ACTA rumbles on – but are we entering the endgame?
Michael Geist comments on the ACTA talks resuming in Washington today. Talking about the apparent disagreement between the US and the EU, he says:
With the U.S. on its home turf and having pushed for an accelerated schedule (there will be another round in Japan early in the fall), the next week could decide the fate of ACTA. If neither side is willing to budge on the core disagreement over scope of the treaty, the prospect of a slimmed down group of countries as part of ACTA becomes greater. If the move to a full round is a sign that movement is likely, there is every reason to believe that ACTA will be concluded this year.
Michael Geist (although you need to log in to read it)
ACTA is a bad, bad thing; and governments that support it are either bad or weak governments. But a few questions have long bothered me:
- Why is the USA so keen on ACTA?
- Why is India so liberal on copyright?
- Why is the EU so concerned about ACTA?
- Why is Britain’s new ‘libertarian’ coalition government not up in arms against ACTA?
ACTA does, of course, cover more than just the film and television industry. But let’s just concentrate there for the moment.
Hollywood is really the world’s biggest and most efficient national propaganda machine. So too American TV. You’ll be able to show me exceptions obviously, but in general, Hollywood proves that:
- America is free
- America is good
- America is the home of truth, freedom and justice
- America saves the world (regularly)
- America is a beacon of light and hope in a darkening world
- America’s enemies are the enemies of freedom and democracy
I’m not saying this is wholly untrue (just as it is not wholly true); but what government will willingly give up this free propaganda?
How about India? Well, India, of course, has Bollywood – increasingly important. If anything weakens Hollywood, then Bollywood is strengthened; which is, I’m sure, purely co-incidental to India’s more liberal position.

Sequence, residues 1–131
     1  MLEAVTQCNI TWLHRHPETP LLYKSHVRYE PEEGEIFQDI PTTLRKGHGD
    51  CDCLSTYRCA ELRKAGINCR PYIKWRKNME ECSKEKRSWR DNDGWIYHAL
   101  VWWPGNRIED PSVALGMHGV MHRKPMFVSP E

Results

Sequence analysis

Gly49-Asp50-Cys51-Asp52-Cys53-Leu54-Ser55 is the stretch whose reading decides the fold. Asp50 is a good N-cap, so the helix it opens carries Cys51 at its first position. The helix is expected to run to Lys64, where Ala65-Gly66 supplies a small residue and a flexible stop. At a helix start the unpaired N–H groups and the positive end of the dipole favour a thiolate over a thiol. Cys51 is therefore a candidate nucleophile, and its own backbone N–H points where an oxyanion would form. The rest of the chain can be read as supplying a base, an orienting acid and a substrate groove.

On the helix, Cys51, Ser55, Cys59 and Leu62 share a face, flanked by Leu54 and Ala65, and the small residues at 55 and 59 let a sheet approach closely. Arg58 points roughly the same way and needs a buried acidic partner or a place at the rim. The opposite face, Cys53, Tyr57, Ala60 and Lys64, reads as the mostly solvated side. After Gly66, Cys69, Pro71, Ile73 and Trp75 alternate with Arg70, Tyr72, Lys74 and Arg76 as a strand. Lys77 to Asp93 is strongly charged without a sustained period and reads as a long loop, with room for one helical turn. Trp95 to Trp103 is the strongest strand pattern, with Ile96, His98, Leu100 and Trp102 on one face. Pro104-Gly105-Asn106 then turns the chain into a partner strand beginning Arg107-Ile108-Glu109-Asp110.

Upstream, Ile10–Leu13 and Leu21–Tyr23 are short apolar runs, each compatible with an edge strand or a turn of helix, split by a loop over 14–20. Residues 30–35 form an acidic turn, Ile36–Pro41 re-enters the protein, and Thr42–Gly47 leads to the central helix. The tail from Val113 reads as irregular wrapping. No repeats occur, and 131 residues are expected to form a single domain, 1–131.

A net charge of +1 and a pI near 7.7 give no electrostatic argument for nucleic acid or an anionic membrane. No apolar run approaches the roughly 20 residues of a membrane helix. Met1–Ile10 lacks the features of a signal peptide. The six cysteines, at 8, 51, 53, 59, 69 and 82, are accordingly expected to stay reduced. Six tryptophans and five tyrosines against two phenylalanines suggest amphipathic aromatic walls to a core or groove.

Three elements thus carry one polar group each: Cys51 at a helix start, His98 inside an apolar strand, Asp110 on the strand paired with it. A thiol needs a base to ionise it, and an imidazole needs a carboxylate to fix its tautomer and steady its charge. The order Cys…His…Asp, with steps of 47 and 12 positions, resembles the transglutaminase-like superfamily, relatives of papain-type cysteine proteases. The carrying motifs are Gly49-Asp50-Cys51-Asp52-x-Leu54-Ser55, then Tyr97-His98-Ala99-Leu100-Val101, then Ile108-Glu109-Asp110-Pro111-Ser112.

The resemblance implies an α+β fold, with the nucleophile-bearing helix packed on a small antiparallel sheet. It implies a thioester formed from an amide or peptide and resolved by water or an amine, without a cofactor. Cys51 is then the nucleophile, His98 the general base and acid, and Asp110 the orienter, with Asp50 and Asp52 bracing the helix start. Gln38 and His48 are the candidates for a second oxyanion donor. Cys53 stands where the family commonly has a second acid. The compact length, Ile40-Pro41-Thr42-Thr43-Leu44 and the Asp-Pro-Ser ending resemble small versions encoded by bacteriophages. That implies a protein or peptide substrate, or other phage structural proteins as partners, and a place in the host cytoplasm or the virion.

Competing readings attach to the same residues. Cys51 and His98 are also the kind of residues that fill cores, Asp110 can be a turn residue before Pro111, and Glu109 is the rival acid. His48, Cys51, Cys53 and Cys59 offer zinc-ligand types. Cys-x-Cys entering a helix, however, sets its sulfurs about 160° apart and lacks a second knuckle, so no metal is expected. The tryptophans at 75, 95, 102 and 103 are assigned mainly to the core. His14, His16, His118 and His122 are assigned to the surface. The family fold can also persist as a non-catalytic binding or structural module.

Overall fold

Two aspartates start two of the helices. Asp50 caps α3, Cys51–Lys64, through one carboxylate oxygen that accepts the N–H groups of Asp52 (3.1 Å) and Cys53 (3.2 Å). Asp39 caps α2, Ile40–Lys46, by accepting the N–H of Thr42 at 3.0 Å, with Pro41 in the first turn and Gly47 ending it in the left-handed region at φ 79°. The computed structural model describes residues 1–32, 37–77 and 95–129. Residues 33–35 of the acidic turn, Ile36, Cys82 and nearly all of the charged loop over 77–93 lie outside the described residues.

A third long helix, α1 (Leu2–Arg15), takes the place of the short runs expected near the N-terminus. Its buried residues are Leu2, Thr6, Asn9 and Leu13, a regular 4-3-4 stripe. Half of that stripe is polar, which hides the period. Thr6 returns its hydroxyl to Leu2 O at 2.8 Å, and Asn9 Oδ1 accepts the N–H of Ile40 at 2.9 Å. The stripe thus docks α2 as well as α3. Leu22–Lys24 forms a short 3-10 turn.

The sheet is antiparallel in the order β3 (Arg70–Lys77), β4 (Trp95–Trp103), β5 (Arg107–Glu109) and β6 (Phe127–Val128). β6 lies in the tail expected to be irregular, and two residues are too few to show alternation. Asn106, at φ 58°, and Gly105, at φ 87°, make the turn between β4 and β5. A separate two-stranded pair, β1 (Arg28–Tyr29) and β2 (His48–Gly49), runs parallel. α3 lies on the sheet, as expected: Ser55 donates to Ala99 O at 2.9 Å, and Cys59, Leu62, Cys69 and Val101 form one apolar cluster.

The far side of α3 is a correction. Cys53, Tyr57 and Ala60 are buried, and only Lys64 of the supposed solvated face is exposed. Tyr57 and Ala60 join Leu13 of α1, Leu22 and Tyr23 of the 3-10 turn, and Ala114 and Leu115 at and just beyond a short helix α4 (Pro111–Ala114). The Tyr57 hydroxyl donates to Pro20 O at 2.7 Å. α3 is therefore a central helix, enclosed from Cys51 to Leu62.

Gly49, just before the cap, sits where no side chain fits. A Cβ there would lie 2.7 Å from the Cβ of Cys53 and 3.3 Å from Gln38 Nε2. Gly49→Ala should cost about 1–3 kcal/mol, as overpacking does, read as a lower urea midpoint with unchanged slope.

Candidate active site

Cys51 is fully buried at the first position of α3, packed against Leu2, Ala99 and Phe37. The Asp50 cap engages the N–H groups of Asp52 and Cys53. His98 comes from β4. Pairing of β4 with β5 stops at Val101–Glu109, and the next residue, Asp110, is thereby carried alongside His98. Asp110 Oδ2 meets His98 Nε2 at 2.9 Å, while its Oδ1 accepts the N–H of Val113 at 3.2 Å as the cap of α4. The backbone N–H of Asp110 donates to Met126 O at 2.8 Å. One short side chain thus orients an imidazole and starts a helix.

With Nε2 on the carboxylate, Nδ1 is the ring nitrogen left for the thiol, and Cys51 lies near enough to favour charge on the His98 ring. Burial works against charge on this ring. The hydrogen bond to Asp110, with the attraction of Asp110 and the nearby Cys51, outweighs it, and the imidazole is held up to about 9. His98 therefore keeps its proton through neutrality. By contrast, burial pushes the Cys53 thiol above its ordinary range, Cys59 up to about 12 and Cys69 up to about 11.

The EU? Well, I think the EU is trying to assert its independence of and from the USA. It’s probably not much more. And if it can show independence, I think the majority of European governments rather like the power that ACTA will give them over the internet. Well France and Germany (which means ‘Europe’) certainly will.
But Britain bothers me. We had so much hope when the coalition came to power. They had promised to sweep away the illiberal, draconian, undemocratic, autocratic diktats of the last Labour government. And it’s just not happening; and it certainly ain’t happening where the entertainment industry is concerned. And I can’t really see why. The industry claims to be the engine that drives the economy; but I don’t accept that. Which leaves me with the terribly sad feeling that our nice Mr Cameron is either playing politics with that nice Mr Obama, and is expecting his own back to be scratched later on; or has done a private deal (come to an understanding) with the media moguls who will continue to support his government; or both.
The one thing that is clear and certain is that the best interests of one group of people is being completely ignored by all parties: and that group is you and me.